Today the New York Times editorializes about the "New and Not Improved" Barack Obama.
It's disheartening to see "The Audacity of Hope" beginning to morph into "The Mendacity of Change" and disappointing that Obama may be taking for granted those whose hopes he stirred and reaching out too far and too fast to those who will only see his efforts to build consensus as duplicity and weakness.
A month ago, it would have been unthinkable to write that sentence, but since wrapping up the nomination, the apostle of the New Politics has been looking like a Mr. Hyde of the old on almost an issue a day--public campaign financing, telecom immunity in the FISA bill, gun control, the death penalty for crimes not involving murder and the separation of church and state.
"We are not shocked," the Times says, "when a candidate moves to the center for the general election. But Mr. Obama’s shifts are striking because he was the candidate who proposed to change the face of politics, the man of passionate convictions who did not play old political games."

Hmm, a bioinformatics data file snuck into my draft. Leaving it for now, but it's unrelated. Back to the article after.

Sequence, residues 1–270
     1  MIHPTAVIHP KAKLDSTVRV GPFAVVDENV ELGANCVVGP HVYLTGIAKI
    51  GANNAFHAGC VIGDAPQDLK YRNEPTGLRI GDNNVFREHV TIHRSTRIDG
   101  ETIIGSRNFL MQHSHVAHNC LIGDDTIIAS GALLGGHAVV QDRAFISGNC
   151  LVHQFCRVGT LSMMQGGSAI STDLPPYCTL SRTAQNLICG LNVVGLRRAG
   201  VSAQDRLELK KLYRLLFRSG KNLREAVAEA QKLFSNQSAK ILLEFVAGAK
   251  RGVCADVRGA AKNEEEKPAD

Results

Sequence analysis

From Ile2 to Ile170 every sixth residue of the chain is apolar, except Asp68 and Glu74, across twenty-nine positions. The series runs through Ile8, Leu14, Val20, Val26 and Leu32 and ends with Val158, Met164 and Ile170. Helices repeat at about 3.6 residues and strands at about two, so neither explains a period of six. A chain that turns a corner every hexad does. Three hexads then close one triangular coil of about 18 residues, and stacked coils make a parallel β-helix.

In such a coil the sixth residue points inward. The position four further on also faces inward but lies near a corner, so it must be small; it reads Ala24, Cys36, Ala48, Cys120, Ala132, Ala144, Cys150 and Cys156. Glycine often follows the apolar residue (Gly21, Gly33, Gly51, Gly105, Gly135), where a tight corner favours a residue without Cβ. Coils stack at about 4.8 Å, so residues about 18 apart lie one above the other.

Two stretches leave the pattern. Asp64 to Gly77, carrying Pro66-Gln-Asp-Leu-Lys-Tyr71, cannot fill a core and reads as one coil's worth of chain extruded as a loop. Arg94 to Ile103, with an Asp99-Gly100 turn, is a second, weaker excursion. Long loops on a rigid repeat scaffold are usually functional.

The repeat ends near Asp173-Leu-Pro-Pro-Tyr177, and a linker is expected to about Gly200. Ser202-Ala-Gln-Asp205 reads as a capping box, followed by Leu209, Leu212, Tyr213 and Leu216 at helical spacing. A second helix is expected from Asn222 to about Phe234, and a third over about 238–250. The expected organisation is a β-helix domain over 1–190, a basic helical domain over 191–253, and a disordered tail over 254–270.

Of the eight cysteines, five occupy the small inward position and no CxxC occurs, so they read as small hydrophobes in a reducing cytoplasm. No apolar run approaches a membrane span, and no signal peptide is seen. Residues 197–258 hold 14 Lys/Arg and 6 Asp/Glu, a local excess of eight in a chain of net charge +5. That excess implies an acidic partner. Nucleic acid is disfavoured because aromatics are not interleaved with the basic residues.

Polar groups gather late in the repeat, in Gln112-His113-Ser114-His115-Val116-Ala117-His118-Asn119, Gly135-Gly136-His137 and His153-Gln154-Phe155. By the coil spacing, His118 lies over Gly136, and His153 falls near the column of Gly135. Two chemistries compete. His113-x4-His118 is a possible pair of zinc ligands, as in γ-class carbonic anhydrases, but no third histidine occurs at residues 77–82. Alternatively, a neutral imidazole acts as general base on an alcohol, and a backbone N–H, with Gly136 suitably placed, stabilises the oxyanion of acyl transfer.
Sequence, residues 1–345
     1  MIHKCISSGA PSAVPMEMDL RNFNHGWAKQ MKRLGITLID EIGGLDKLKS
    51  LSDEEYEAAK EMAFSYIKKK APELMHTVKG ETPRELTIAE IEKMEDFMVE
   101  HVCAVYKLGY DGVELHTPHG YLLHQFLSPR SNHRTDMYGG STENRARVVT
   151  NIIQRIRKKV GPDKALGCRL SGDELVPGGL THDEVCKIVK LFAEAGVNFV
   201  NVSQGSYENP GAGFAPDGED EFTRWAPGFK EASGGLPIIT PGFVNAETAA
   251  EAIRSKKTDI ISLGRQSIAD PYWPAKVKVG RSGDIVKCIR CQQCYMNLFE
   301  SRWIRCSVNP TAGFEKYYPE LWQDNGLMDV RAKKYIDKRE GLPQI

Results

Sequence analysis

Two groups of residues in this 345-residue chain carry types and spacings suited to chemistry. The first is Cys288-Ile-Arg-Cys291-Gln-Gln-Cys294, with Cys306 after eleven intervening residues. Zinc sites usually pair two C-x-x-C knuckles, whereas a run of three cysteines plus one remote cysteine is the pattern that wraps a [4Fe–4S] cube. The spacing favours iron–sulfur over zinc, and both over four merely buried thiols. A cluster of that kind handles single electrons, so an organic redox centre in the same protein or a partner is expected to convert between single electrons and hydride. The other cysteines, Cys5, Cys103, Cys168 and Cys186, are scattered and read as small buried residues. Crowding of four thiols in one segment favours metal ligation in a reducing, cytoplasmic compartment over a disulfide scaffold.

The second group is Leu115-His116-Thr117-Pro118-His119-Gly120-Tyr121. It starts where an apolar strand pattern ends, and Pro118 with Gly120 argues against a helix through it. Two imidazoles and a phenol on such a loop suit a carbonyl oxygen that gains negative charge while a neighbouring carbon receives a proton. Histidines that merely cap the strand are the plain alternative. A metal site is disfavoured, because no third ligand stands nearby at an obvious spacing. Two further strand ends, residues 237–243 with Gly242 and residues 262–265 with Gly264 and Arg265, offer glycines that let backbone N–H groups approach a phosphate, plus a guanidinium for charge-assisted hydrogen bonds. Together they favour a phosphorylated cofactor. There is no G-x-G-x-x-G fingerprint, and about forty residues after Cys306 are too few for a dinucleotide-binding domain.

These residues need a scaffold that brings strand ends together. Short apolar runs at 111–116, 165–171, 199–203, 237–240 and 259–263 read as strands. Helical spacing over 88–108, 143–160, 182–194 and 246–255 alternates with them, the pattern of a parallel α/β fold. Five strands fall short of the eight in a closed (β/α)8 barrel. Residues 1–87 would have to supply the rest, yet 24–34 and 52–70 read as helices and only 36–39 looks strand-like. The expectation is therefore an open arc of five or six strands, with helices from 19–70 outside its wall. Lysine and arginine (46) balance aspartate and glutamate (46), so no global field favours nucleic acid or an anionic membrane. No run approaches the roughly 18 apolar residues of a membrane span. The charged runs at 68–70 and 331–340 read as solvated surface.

Political purity is not the issue in all this. Many Obama admirers value, among other qualities, his open-mindedness and his not-Bush aversion to dogmaticism. But these recent rapid shifts of substance and tone raise suspicions of calculation and opportunism--of a too-clever-by-half attempt to retool his image for demographic purposes.
If so, he and his campaign advisers risk losing much of what got him to where he is now--an authenticity that this year's voters desperately want.
The campaign may want to stop worrying so much about converting Independents and liberal Republicans and concentrate on winning over and solidify his support among those Democrats who backed Hillary Clinton. They are a more natural constituency for him, if he can win and keep their trust.
In a dialogue with dissenting voters on his web site about his FISA position, Obama made a point worth keeping in mind for the long run:
"I learned long ago, when working as an organizer on the South Side of Chicago, that when citizens join their voices together, they can hold their leaders accountable. I’m not exempt from that. I’m certainly not perfect, and expect to be held accountable too."